Communication between those involved in the child's integration into the new school was recognised by the Foxwood inclusion programme as being imperative.
Mainstream classes, preceding and during the first stages of introduction of pupils from the SEN school, were provided with a peer preparation package. This included workshop activities which were held by an inclusion team member and also the class teacher. This provided the students with information to aid their supportive interactions towards the children with SEN.
The children with SEN wore the same uniform as the rest of the children in the Foxwood inclusion scheme. This brought a sense of unity and belonging to the child as they were visually granted the sense of fitting in and being the same as the other students. This feature has been given more attention in the US than the UK.
What further developments could be suggested?
In a study carried out by El-Ashry (2009) the relationship and attitude of teachers towards children with a disability and their inclusion into mainstream schools was investigated. This showed a negative attitude from the teachers towards these children. However, teachers that reported a relationship with one of the children with a disability spoke more favourably of their inclusion. This could therefore be implemented in schools and reversed to find out the attitudes of children with SEN towards their teachers and in addition, the teachers' attitude towards them. It could give insight into the possibility of the child with SEN picking up on the teachers' attitude towards them and their thoughts on inclusion, whether it is negative or positive.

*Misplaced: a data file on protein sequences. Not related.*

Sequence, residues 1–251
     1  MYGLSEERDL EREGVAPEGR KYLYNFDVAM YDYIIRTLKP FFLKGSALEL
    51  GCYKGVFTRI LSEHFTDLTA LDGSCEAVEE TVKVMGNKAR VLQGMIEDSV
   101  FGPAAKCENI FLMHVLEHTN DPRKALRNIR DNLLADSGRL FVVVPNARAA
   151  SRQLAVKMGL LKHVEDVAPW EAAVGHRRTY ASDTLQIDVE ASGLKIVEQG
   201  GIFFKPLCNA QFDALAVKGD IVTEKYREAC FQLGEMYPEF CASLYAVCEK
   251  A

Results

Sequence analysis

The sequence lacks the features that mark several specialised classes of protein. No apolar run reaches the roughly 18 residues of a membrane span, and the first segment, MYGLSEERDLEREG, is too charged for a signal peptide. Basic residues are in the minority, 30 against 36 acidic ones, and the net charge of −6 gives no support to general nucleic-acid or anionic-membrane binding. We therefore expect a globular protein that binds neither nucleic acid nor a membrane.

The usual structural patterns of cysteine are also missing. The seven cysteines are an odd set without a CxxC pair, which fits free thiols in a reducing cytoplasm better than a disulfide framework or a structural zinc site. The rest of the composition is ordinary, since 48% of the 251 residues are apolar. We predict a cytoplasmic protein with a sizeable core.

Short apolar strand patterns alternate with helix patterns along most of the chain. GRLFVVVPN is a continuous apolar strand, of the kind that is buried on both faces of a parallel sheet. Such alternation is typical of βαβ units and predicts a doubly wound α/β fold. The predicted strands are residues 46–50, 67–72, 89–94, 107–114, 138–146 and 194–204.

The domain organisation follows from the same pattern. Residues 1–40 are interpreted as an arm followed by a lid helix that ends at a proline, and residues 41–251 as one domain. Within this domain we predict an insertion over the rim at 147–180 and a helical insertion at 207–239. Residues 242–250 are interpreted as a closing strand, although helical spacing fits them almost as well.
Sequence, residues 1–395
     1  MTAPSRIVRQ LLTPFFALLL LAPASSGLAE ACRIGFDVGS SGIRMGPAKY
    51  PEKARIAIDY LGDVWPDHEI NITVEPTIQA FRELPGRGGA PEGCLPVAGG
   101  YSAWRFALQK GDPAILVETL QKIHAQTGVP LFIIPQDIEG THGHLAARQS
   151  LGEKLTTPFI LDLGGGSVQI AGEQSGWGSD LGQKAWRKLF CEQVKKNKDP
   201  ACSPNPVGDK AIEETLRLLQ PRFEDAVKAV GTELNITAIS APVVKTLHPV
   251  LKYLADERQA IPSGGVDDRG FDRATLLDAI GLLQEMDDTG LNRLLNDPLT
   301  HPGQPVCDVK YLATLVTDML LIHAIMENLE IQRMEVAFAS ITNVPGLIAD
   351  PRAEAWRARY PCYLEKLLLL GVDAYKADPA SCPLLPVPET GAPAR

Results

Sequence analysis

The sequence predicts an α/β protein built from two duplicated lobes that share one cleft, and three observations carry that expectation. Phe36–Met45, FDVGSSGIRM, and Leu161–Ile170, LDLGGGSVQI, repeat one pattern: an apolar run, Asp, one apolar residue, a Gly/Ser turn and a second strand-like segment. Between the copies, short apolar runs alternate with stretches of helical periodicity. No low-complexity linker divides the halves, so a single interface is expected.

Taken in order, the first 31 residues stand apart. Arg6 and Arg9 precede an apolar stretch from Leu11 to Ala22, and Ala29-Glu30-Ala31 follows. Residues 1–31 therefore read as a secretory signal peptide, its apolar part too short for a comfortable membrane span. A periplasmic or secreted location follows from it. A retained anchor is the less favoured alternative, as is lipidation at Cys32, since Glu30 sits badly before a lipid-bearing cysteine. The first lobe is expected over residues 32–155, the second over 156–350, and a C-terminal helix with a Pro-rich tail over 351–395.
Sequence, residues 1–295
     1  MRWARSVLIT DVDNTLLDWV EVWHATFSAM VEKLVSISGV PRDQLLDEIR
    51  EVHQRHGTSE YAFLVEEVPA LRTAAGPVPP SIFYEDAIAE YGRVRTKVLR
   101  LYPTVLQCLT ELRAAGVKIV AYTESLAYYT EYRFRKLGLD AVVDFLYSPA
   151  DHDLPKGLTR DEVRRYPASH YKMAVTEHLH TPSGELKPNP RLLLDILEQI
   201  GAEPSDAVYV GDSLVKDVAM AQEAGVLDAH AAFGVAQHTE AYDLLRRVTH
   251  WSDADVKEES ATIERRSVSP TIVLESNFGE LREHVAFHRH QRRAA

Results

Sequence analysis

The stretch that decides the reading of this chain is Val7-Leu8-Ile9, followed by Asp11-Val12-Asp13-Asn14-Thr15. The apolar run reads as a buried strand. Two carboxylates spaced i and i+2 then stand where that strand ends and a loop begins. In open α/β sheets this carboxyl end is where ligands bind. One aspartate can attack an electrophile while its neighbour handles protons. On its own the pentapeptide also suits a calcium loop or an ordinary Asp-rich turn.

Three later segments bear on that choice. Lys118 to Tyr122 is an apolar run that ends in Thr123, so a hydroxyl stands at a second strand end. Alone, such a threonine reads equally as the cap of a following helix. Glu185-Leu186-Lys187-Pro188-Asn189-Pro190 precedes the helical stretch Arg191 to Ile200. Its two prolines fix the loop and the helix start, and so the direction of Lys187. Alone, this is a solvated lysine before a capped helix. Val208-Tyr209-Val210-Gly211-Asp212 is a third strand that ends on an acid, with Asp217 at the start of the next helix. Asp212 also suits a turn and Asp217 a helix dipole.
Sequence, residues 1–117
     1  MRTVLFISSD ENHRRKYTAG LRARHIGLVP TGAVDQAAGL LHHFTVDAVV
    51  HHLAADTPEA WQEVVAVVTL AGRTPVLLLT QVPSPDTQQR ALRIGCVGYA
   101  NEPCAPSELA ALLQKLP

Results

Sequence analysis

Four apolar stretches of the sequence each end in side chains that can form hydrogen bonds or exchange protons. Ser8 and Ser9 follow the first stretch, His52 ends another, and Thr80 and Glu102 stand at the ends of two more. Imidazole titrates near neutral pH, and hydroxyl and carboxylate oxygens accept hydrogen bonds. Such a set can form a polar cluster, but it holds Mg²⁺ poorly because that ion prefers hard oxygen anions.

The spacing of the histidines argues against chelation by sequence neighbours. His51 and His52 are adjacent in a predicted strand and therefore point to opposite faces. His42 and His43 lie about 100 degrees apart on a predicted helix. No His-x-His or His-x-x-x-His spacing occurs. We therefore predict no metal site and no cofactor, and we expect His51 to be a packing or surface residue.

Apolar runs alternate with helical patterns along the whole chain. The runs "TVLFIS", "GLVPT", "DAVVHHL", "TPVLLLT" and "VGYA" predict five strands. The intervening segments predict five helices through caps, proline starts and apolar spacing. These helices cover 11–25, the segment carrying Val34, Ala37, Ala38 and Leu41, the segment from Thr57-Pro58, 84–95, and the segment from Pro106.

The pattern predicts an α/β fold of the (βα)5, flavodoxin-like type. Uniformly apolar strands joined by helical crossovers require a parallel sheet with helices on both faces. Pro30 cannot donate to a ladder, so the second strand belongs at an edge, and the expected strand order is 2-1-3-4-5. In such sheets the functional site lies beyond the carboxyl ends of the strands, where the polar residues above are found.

Transport to and from school would need to ensure the eradication of a visible barrier implemented between mainstream and SEN. If children with SEN are required to use "special transport" this is a visible separation of them from their peers e.g. "The yellow bus."
Goodman and Burton (2010) used "Semi-structured interviews to examine teachers' experiences and approaches to including students with BESD in mainstream education". They stated that they found this hard "due to a lack of resources and level of proficiency". Their work showed that although the amount of work done was extensive and therefore a variety of strategies for working with students with BESD identified, they were still concerned that teachers still raised by issues resembling those recognized in policy over 20 years ago. This would suggest that despite the changes that have been made; already established obstacles to ensure inclusion have yet to be addressed. There would need to be more classroom assistants available to aid the teachers as well as the students. Wedell (2000) actually stated that for effective inclusive education there needs to be a greater change than is currently acknowledged. Educational psychologists have a fundamental role to play, however the various demands placed upon them raises issues as to how they can focus on inclusion to achieve a desired outcome as well as support from specialist teachers (Takala & Aunio, 2005.) Therefore again there needs to be more resources and services available in any inclusion setting, however, the Foxwood inclusion did show evidence of this.